Exercise during cancer treatment: 4 things to know

For years, doctors have recommended exercise to reduce the risk of developing cancer and to help cancer survivors thrive after treatment ends. But what about exercise during treatment? There were no recommendations, so far.

The American Society of Clinical Oncology (ASCO) recently released the first-ever evidence-based exercise guidelines for adults undergoing active cancer treatment.

“It’s huge,” says Karen Basen-Engquist, Ph.D., director of MD Anderson Center for Energy Balance in Cancer Prevention and Survival. “When patients asked if they should exercise during treatment, we had no official guidance on what to tell them. Now we do.

Years of clinical trials show the benefits of exercise

To develop the guidelines, ASCO assembled a panel of experts who analyzed more than 100 clinical trials examining the link between exercise and cancer treatment.

What they found left no doubt that staying physically active improved symptoms and side effects in patients undergoing chemotherapy, radiation therapy, or both. It also helps those undergoing surgery recover faster with fewer complications.

“Science shows that exercise during cancer treatment alleviates fatigue, anxiety and depression while improving quality of life and physical function,” says Basen-Engquist. “Staying active helps patients continue to participate in regular activities of daily living.”

Yet, in the minds of many, exercise and cancer don’t go together, she says.

“You’d be surprised how many people believe that exercising during cancer treatment is a radical idea. They think cancer patients should curl up on the couch with a blanket and relax.

The new guidelines, according to Basen-Engquist, provide assurance that exercise is safe and good for patients during cancer treatment.

Building an Exercise Routine During Cancer Treatment

The guidelines recommend regular aerobic exercise – such as walking, jogging or cycling, and strength training – such as lifting weights or using resistance bands, for patients whose cancer has not spread to the beyond its initial site.

Aerobic exercise helps strengthen the heart and lungs. Resistance exercises build muscle.

“Both types of exercise can work together to help cancer patients maintain their health and well-being,” says Basen-Engquist.

Aerobic exercise should be done at moderate intensity, she says. It’s a rhythm that lets you talk, but not sing. This is compared to vigorous intensity, where you cannot say more than a few words without pausing to breathe.

Start slow, advises Basen-Engquist, and listen to your body. If your energy level is low, adjust the duration or intensity of your exercises until you feel better.

Set a goal of achieving 150 minutes of exercise per week.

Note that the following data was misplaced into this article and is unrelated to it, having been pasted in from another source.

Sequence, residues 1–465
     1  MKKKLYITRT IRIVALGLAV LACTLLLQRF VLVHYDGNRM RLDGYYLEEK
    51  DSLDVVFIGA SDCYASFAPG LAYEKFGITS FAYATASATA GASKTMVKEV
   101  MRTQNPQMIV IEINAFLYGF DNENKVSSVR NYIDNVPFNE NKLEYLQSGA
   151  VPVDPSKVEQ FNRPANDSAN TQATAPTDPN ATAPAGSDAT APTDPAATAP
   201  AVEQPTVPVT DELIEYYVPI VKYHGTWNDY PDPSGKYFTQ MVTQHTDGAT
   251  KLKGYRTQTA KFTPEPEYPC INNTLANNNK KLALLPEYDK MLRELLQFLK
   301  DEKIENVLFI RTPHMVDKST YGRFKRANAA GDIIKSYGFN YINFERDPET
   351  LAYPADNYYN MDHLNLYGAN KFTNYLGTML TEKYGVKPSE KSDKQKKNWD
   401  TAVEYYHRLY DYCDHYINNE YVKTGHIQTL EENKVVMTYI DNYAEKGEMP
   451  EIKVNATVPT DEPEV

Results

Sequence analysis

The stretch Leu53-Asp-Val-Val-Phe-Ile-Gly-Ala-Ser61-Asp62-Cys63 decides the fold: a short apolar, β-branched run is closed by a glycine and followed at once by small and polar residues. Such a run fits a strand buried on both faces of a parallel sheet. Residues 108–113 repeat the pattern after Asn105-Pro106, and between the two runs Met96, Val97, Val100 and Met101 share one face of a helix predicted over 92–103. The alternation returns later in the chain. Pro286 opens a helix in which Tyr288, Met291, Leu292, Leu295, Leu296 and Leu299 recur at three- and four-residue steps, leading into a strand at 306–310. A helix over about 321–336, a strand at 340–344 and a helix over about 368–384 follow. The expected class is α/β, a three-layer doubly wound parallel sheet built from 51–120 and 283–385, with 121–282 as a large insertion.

“Spread those 150 minutes over several days,” she says. “I tell patients to aim for 30 minutes a day, five days a week, which equals 150 minutes.”

If 30 minutes is too much, she suggests 10 minutes of exercise in the morning, 10 minutes after lunch, and 10 minutes in the evening.

Walking is a good option, says Basen-Engquist. If walking isn’t for you, she says, some of her patients dance, swim, play golf, learn tai chi or garden.

“You’d be amazed at the muscle strength you develop pulling weeds,” she says.

How does exercise thwart cancer?

No one knows for sure, but Basen-Engquist points out that exercise lowers inflammation and insulin levels, which are linked to certain cancers.

Also, exercise induces angiogenesis, or the creation of new blood vessels, which could mean that more blood-based cancer drugs can be delivered to cancerous tumors.

“Exercise can make chemotherapy more effective,” she says.

Immune function also benefits. While cancer weakens the immune system, exercise stimulates the circulation of immune cells that attack cancer. It can even help powerful immunotherapy treatments work better.

Exercising during cancer treatment is not a one-size-fits-all solution

Exercising to improve outcomes during cancer treatment is empowering, says Basen-Engquist. It puts the patient back in control, at a time when the cancer has created a loss of control.

The amount of physical activity each patient can sustain varies.

“The type of cancer you have, the treatments you receive, the side effects you experience, and your level of fitness will all factor into your exercise plan,” says Basen-Engquist.

Talk to your doctor about what’s right for you, then start moving.

“Even if you can only manage a few minutes of walking, do it,” Basen-Engquist says. “Small steps lead to big results.”

Request an appointment at MD Anderson online or by calling 1-877-632-6789.

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